Small Changes, Big Results

The Early Show is doing a short series on small changes that you can make in your life that will result in positive changes for your well-being.  The segment focuses on mental health, physical health and dietary changes you can make to start the year off right.  I was on this morning talking about the mental changes you can make, nothing huge, but small steps that you can do to really start to feel in control and as though you are taking care of yourself.

Here are the tips:

  1. Be a joiner: Get involved in something.  Connecting to things bigger than you is good for your mental health. A recent study showed that people who went to church were happier, not because of worship, but because of the social connection they felt.Connect to a cause, raise money or volunteer for a something you feel passionate about. Get involved in something you may be interested in: participate in something fun that allows you to connect to others: a sport, an art class, etc.  The connection allows you to feel a part of something, which bolsters your positive mood.
  2. Build a support networkHaving healthy relationships with friends, family, co-workers is vital to good mental health.Find people you can lean on in hard times. By feeling connected to others, you can build confidence and have a sense of being valued. A support network can help you with practical things like helping you dig out of snow, picking you up at the airport, but can also share advice and be there in emotionally stressful times. Work to keep in touch and reconnect with people.  Maintaining relationships you already have is just as important.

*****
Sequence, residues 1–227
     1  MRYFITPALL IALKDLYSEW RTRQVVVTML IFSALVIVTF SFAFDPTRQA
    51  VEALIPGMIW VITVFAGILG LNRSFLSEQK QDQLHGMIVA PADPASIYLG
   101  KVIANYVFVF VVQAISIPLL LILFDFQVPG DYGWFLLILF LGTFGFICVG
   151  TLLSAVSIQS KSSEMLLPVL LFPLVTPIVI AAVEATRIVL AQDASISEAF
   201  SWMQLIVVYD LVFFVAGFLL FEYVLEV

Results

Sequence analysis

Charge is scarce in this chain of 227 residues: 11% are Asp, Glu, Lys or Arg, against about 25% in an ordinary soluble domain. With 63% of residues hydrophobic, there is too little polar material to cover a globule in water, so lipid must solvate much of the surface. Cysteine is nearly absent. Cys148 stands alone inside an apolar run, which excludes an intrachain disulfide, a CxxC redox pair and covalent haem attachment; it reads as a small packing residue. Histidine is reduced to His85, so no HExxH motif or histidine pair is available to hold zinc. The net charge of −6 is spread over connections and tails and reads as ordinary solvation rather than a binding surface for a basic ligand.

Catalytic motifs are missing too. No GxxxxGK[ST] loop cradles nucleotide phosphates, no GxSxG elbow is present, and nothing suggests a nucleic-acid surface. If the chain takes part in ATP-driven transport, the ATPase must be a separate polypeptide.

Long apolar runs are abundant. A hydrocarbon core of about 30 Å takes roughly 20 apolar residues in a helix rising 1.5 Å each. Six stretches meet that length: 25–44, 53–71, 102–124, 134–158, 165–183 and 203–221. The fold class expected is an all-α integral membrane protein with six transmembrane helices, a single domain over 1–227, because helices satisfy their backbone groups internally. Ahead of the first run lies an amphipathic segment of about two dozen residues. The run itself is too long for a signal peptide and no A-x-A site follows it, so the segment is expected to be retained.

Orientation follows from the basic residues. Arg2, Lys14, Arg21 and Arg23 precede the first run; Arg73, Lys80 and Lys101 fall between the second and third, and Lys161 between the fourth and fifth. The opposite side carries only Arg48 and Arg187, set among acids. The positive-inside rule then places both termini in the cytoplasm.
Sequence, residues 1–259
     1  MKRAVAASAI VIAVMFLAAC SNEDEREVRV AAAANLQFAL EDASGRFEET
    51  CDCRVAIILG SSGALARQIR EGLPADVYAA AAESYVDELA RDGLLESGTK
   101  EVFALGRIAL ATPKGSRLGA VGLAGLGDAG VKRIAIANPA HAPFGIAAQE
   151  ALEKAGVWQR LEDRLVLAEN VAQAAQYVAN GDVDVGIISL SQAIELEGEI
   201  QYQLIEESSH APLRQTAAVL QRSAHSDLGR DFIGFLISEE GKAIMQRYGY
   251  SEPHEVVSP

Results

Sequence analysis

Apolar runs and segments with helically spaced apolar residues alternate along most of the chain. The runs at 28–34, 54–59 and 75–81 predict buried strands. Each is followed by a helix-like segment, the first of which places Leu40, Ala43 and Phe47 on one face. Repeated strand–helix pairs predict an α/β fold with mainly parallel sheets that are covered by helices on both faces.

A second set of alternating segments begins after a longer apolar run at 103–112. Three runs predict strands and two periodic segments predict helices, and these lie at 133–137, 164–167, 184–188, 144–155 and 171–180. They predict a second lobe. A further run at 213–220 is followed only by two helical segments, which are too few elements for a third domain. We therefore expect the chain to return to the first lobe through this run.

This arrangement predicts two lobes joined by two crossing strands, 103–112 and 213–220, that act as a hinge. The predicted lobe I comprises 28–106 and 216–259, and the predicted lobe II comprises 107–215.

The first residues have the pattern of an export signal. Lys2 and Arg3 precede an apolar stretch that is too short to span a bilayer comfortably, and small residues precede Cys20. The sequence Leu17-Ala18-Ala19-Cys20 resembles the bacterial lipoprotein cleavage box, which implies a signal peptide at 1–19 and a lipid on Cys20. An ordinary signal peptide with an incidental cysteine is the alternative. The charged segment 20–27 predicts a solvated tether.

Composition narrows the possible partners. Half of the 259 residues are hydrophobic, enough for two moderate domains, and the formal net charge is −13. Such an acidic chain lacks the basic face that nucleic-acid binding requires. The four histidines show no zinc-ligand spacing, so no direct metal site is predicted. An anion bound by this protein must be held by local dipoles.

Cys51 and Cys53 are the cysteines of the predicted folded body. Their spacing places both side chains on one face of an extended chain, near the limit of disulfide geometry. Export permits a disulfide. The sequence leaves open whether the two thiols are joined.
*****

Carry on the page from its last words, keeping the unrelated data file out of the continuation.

3. Just say no!It’s so easy to become overextended because we take on too many projects.  It’s important to recognize your limits and say no when you feel like it’s just too much.  This will help decrease stress and give you time to do other things for yourself.  Let go of the guilt you may feel if you do put your needs first.  You will be no good to anyone else if you are no good to yourself.
  4. Purge!Get rid of the things you don’t need that are just cluttering your space and your mind.  If you haven’t looked at it, used it, or thought about it, you don’t need it.  Freeing up that space will feel great and provide a great deal of relief. The less cluttered your environment, the less cluttered your mind.  And think of how productive you’ll feel!
  5. Appeal to Your SensesYou can always self-soothe with your five senses.  This will help you manage your emotions more effectively and feel in control of your stress levels.  Stay calm and happy by appealing to the five senses: sight, sound, touch, smell and taste. Listen to music, buy some flowers where you can see and smell them (smell the roses), get a massage, sip a warm drink. Additionally, try to get some sun. Sunlight can lift your mood and deter Seasonal Affective Disorder (SAD). Many people get sun lamps, which have been shown to be helpful if used 10-15 minutes every day.
  6. Schedule Leisure TimeWe neglect the importance of a change of scenery and mental stimulation. Do something that refreshes your mind–painting, cooking, reading. Take time for contemplation and appreciate the small, everyday things.  Just because you can’t physically go on vacation, does not mean you can’t “go” on vacation.  Find activities to do near home.  Leisure time means NOT working, and really enjoying the free time.

Here’s the link from this morning:
http://www.cbsnews.com/video/watch/?id=7188004n&tag=cbsnewsVideoArea.0

 

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